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OPINION

IMF significantly improves its forecast for Ukraine's economic growth

21 October, 2023 Saturday
18:00

Weekly overview of the situation in the Ukrainian economy and financial markets

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Economic situation

According to the updated World Economic Outlook (WEO), the IMF has significantly improved its forecast for Ukraine's economic growth in 2023: from -3% (April 2023) to +2%. At the same time, the IMF's forecast remains conservative both compared to other IFIs (e.g., the World Bank's forecast of +3.5%) and to the forecasts of Ukrainian institutions (NBU +3%, Ministry of Economy +4%). For 2024, the IMF forecasts growth of 3.2%, which is highly likely to indicate that the end of the active phase of hostilities in 2024 is not a basic assumption of the forecast.

With the need for external financing remaining at over USD 40bn in 2014 and the country's debt service at over USD 1.5bn in 2015, the forecast is likely to be lower than the current level, and the rapid growth of public debt (the IMF forecasts that it may exceed 100% in 2025), discussions have intensified about the possibility of using frozen assets in favour of Ukraine. An attempt to quantify the potential for using the proceeds of frozen assets (assumption: investing USD 300 billion over 20 months at 3.5%) indicates that this instrument could be used to transfer USD 19 billion to Ukraine, which is about ¼ of the projected amount of funding from international partners in 2022-2023.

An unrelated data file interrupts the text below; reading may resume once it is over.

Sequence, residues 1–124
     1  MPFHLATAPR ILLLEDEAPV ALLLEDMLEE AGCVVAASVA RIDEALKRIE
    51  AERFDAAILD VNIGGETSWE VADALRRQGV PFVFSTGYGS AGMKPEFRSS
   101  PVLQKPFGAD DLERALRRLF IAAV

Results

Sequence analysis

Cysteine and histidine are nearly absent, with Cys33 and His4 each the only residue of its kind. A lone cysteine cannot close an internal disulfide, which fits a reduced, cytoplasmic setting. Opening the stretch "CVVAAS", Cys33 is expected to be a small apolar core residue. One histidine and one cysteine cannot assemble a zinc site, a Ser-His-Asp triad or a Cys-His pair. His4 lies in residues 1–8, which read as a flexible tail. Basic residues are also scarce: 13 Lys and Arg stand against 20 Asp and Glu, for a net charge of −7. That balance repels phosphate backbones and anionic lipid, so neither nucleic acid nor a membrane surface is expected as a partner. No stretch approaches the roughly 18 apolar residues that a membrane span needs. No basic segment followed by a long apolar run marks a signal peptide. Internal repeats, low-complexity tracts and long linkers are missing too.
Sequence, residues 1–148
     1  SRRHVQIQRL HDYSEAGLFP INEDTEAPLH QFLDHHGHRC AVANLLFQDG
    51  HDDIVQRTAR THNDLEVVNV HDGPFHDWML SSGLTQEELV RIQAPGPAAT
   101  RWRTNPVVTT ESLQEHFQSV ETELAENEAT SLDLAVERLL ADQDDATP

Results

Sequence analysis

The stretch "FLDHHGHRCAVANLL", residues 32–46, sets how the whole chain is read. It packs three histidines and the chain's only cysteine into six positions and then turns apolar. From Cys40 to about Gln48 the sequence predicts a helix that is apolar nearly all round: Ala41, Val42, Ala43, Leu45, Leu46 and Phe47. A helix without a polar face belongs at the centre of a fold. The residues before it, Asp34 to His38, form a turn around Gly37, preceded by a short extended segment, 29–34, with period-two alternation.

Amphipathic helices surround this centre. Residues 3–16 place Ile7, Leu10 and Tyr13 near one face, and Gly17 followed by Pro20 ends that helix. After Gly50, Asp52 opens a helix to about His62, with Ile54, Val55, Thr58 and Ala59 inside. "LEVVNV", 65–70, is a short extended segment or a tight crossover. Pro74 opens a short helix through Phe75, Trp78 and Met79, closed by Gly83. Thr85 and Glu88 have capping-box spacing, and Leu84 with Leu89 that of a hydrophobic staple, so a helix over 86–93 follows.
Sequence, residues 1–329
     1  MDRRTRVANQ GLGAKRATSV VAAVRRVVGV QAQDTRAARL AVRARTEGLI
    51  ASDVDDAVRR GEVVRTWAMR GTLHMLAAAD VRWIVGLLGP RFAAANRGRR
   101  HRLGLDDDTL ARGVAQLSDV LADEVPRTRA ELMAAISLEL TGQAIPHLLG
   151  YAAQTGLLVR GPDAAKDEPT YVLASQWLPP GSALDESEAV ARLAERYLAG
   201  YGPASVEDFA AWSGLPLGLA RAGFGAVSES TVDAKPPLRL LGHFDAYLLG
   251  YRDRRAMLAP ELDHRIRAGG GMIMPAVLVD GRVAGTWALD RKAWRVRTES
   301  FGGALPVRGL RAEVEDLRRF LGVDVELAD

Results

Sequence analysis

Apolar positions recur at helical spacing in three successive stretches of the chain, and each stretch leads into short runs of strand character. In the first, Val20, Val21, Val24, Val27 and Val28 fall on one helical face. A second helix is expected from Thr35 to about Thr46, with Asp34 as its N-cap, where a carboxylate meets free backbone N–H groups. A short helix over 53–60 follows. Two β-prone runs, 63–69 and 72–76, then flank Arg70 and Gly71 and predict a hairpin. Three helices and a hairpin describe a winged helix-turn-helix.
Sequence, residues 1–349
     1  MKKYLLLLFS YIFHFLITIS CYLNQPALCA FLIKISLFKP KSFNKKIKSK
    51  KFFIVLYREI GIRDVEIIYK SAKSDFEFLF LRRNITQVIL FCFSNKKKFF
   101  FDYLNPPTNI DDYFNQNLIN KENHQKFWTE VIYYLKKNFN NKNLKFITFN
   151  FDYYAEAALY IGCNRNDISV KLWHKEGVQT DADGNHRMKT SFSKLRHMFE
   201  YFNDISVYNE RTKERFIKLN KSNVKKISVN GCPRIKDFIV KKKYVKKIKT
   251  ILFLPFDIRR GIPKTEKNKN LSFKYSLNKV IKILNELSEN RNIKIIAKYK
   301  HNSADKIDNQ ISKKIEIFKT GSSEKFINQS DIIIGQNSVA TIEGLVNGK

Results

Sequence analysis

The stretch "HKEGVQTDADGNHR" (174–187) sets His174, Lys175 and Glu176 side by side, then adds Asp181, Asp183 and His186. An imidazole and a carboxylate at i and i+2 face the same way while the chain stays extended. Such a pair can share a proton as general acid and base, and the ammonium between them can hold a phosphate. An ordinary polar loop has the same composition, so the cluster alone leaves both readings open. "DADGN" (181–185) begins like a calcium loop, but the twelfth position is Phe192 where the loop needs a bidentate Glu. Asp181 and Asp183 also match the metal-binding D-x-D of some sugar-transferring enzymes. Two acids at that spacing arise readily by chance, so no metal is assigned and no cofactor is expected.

Public sector

During a regular auction for the placement of government securities held on 17.10.2023, the Ministry of Finance raised UAH 9.2 billion to finance the state budget for terms of 1 to 3 years at rates ranging from 17.40% to 19.19%. The largest amount of funds was borrowed under 1.5- and 3-year securities, the demand for which exceeded the limited supply from the Ministry of Finance. The weighted average yield on new hryvnia borrowings was 18.71%.

"According to the Ministry of Finance, in January-September 2023, the total cash expenditures of the general fund of the state budget amounted to UAH 2118.6 billion, with September expenditures amounting to UAH 230 billion. Given the martial law, state budget expenditures were mainly directed to social purposes and support for the defence forces, as well as to public debt service."

In particular, in the first 9 months of 2023, the following were the most important expenditures:

  • UAH 80.5 billion (in September - UAH 111.5 billion) was spent on salaries and wages, or 41.6% of the total expenditures spent in January-September 2023. In particular, UAH 681.5 billion was allocated for the salaries of military personnel (UAH 87 billion in September).
  • UAH 511.8 billion (UAH 47 billion in September) was allocated to pay for the use of goods and services, or 24.2% of total expenditures, including UAH 343.8 billion to support the Armed Forces of Ukraine.
  • UAH 102.1 billion was transferred by the National Health Service of Ukraine to implement the programme of state guarantees for medical care;